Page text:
March 13

CIPP: Workplace Privacy

Workplace Privacy

This was a section that only a lawyer could love. This lesson focused on the privacy concerns that are encountered by human resource management and the legal framework surrounding employee screening, hiring, evaluation, and testing. While I know next to nothing about this area of law, I did pick up some valuable knowledge, such as what type of questions employers can and cannot ask.

The lesson starts by drawing a distinction between the US approach to employee privacy protection versus the European Union. Guess which one is more business friendly? It doesn’t take much to figure out that employee expectations of privacy in the United States are very limited. There have been several cases that have ruled in favor of employers and severely limited the privacy expectations of their employees. These have ranged from allowing employers to listen in on a phone conversation to giving employers access to employee’s web-based email accounts.

A large section of the lecture related to questions that can and cannot be asked during the interview process. Some of the questions were the epitome of lawyer sophistry. For example, you cannot ask an applicant whether or not they are a US citizen but you can ask them whether they are prevented from being lawfully employed in the US because of visa or immigration status? You may not ask questions about past addiction to drugs(legal or illegal) or alcoholism? However, you can ask question about past drug use or alcoholism as long as they are not likely to illicit information about a past addiction to drugs or alcohol.

Now, one of the reasons for this legal dance that is played by human resources is a response of legislation that protects employee rights, such as the Civil Rights Act of 1964 and the Americans with Disabilities Act of 1990. Companies have to try to balance their desire to know as a much as possible of an applicant in the pre-hiring phase without breaking the law. I am personally glad that such legislation is in place but sometimes I wonder whether it really does anything to protect the rights of employees.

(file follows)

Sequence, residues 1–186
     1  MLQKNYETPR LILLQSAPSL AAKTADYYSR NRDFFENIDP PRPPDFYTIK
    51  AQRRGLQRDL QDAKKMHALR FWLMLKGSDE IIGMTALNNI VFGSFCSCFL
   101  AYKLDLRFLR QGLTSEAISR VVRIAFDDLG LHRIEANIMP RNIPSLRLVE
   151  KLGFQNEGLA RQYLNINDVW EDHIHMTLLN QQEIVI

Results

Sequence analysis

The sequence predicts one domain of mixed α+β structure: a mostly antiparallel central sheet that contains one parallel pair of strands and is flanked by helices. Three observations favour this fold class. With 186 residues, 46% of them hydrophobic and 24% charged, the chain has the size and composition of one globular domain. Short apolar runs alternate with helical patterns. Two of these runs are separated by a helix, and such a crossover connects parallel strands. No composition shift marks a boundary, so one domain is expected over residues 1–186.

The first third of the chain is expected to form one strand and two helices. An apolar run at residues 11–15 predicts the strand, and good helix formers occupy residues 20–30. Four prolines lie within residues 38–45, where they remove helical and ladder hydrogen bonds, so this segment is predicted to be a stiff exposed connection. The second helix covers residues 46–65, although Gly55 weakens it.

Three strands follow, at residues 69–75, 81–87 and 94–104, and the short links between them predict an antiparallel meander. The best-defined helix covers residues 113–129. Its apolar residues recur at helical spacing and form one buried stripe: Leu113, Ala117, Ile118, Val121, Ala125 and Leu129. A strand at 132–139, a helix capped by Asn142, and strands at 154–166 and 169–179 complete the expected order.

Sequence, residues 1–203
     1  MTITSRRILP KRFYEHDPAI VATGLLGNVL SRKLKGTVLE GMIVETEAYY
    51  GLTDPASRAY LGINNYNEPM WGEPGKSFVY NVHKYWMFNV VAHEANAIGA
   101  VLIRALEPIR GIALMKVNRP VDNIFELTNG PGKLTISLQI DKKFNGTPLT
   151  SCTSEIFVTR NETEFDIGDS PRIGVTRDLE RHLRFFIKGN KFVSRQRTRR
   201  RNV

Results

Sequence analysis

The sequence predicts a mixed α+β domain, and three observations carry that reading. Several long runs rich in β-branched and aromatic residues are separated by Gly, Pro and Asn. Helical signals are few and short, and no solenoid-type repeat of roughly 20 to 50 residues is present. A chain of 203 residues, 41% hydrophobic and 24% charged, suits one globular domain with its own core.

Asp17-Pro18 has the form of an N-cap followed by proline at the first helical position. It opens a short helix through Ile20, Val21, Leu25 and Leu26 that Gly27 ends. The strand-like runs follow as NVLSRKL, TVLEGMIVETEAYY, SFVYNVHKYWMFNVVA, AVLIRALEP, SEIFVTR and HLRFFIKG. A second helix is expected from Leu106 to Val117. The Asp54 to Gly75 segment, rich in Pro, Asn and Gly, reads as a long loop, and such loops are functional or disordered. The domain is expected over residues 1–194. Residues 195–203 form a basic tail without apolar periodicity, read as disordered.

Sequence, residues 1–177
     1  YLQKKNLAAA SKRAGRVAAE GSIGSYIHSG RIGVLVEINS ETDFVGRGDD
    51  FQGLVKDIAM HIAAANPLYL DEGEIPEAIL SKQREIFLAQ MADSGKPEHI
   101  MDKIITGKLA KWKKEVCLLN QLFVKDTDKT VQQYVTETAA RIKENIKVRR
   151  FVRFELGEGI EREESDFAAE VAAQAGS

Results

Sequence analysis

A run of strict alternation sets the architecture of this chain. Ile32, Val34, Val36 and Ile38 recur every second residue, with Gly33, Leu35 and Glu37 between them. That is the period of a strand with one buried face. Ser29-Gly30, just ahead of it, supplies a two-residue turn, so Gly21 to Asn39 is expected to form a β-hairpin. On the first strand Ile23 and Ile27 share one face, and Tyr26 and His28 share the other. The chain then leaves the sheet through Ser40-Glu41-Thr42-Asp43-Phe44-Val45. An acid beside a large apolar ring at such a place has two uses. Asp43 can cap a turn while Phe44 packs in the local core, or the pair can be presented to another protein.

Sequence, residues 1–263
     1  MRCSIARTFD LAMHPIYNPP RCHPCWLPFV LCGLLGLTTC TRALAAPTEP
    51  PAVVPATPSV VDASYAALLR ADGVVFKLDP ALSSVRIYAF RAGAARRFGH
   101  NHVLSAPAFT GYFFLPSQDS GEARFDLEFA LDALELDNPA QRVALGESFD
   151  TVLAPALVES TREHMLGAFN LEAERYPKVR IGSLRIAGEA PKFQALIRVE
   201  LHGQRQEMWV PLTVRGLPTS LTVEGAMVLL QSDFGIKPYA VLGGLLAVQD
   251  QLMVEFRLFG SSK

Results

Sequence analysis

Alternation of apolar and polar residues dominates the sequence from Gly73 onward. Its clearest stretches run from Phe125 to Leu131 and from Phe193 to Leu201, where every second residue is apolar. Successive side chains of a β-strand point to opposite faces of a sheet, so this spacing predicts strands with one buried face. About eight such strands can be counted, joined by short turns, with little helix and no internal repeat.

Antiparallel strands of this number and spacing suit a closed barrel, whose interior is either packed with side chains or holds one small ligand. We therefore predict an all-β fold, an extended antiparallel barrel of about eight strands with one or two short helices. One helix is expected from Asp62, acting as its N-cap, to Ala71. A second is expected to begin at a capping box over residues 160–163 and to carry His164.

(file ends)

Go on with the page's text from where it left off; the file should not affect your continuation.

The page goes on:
The part of the lesson that I found most relevant related to disclosure laws. Since this is something that I know a little bit more about, I was more interested in this part of the lesson. HR has a large responsibility in the safe keeping of employee personal records. If a data breach occurs with compromised employee’s PII, the HR department will be involved in notifying them of the breach. Most states do not require a company to notify employees that are not residents of the state where the breach occurred. The lesson was correct in pointing out that business best practices would include notification of out-of-state employees. Even though an employee would not receive damages for a data breach unless specific harm arose (eg. identity theft), a business should have a policy beyond the legal threshold of liability.

Overall, this was probably the one lesson that interested me the least but it was relevant to many privacy issues that arise in corporate environments. Most of the information was targeted for HR specialists. I am just not sure how much of the information I will be able to retain beyond the test day unless I was involved in this profession.


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